Appointment as Director of Special Studies – CNA

Now the study was completed, the report presented to membership at the 1960 Biennial

meeting, and three of the four recommendations were approved by the Executive Committee at

their post convention meeting. I was asked to stay on CNA staff for one more year to implement

the three recommendations of the Pilot Project.

I advised the Executive of my plans to return to Teachers College to complete my doctorate. I

knew my financial resources were very slim but I was determined to complete the remainder of

the two year doctoral study. They agreed that I should return to Teachers College for one

semester and, when needed, fly to CNA for meetings to implement the three projects. This I did.

The amount paid for those days at CNA assisted greatly in buying books and food. My return

trip to Teachers College was made with the now president Helen Carpenter, also a student at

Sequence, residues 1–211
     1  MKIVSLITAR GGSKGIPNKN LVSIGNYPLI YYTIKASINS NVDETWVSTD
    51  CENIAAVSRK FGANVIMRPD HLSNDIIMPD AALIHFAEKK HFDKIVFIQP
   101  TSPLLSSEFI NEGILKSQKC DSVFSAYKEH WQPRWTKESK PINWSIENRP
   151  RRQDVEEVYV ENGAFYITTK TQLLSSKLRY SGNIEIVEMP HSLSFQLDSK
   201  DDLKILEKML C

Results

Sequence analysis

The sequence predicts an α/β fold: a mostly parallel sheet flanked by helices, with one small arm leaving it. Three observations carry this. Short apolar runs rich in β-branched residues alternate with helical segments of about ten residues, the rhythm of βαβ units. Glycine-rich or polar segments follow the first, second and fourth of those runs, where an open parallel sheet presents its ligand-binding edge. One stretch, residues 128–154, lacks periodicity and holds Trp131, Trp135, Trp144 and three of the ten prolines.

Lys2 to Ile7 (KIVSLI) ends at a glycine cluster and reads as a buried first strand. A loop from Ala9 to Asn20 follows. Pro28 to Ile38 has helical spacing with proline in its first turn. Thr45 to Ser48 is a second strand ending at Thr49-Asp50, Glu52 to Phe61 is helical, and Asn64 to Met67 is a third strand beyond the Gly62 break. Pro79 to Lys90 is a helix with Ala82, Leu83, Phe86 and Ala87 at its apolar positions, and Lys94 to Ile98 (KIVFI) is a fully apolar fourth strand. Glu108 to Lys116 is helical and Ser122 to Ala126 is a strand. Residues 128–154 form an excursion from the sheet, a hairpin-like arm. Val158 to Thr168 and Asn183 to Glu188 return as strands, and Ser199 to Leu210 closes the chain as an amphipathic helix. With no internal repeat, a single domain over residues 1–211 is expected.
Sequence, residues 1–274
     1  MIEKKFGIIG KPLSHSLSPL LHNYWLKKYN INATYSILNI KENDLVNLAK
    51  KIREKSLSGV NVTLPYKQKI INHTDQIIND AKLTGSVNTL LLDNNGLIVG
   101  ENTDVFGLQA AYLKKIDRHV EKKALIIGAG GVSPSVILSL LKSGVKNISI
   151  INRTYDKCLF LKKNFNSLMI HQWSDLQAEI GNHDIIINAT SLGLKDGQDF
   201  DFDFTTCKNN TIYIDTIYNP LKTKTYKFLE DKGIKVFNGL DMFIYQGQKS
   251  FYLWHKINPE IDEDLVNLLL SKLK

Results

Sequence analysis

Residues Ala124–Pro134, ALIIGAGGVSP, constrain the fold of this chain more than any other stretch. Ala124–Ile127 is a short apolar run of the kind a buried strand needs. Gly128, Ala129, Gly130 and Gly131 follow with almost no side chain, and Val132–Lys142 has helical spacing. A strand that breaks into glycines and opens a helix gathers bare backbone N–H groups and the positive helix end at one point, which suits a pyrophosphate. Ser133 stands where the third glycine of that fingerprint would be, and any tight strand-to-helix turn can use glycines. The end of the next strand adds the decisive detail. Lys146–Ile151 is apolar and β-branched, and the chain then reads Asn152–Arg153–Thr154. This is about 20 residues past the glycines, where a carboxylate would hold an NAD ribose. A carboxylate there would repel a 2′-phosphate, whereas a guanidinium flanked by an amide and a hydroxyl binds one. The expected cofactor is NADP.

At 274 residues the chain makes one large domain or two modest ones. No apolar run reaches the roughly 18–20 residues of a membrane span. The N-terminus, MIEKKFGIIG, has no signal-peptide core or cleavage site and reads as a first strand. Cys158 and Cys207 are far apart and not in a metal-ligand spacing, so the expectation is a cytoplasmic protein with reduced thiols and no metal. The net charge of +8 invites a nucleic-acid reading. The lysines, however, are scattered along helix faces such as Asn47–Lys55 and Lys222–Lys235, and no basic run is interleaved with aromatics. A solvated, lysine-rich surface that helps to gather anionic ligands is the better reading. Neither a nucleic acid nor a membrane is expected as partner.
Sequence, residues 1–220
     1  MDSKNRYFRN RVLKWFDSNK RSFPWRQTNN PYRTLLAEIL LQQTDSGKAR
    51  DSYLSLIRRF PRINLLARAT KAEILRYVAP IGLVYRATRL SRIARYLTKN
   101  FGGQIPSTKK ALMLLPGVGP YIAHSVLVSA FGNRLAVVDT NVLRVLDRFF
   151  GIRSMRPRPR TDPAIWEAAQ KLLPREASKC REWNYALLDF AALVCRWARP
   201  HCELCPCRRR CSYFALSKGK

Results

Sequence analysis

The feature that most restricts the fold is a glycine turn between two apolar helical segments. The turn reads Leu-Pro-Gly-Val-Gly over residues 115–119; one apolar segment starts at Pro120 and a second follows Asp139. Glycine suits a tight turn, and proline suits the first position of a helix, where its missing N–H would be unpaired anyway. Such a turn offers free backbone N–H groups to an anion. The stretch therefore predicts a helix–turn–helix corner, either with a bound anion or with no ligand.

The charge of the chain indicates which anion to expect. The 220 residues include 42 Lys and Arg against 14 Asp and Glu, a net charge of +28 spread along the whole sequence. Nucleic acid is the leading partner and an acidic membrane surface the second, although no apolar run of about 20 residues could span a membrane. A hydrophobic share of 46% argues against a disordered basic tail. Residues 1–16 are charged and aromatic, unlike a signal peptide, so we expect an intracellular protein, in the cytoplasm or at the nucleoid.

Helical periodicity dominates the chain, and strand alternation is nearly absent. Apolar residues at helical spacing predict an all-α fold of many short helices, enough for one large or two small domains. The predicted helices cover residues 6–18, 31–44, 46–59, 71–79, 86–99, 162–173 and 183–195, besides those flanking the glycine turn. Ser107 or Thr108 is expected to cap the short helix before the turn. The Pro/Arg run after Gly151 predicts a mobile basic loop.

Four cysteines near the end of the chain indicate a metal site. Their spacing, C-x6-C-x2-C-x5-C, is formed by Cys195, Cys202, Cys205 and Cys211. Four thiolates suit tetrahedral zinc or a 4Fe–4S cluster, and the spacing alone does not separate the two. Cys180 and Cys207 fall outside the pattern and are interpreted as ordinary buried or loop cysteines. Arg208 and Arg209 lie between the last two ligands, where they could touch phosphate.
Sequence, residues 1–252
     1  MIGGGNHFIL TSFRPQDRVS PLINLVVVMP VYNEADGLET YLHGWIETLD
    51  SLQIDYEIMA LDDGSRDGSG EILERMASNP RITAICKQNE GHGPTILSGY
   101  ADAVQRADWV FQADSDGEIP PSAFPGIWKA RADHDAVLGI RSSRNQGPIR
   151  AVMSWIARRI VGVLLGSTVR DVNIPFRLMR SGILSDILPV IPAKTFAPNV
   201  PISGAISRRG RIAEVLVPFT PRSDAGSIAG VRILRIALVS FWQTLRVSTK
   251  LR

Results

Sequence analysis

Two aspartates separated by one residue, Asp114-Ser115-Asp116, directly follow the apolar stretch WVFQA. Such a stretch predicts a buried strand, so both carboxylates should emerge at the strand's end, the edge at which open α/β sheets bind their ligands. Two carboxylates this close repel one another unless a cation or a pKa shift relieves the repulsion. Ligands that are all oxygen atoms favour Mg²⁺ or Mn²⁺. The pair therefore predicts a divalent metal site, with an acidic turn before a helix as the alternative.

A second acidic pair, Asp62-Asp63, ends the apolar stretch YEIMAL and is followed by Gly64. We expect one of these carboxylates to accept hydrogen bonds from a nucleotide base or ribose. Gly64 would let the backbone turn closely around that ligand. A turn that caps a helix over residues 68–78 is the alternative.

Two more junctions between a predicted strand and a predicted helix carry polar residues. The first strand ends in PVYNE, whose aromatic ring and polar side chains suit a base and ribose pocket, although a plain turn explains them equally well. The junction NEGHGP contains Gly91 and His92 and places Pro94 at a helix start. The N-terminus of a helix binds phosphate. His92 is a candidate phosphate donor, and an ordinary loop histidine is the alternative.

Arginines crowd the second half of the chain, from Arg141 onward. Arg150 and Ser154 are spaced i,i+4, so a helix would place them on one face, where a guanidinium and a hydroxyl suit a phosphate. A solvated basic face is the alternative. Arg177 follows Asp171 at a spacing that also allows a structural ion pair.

Teachers College.

The 1960 biennial meeting was over and an exhilarated Helen started on her return to Teachers

College for the fall semester. She decided that the two Helens should go by bus to see the

Acadian country and visit her relatives in Yarmouth. On their arrival, however, Helen Carpenter

developed a serious chest condition and her uncle, a physician, ordered her to stay in bed. The

doctor, a delightful gentleman of 91 years, was still practicing medicine and administering

anaesthetics too. He told Helen Mussallem that he still used chloroform by the drip method. She

was duly impressed –and amazed. Helen stayed with the Carpenters for an extra day but, as

her friend was not improving, decided to try and figure out a way to get from Yarmouth to New

York in time for registration and classes. She took the ferry to Portland Maine, getting incredibly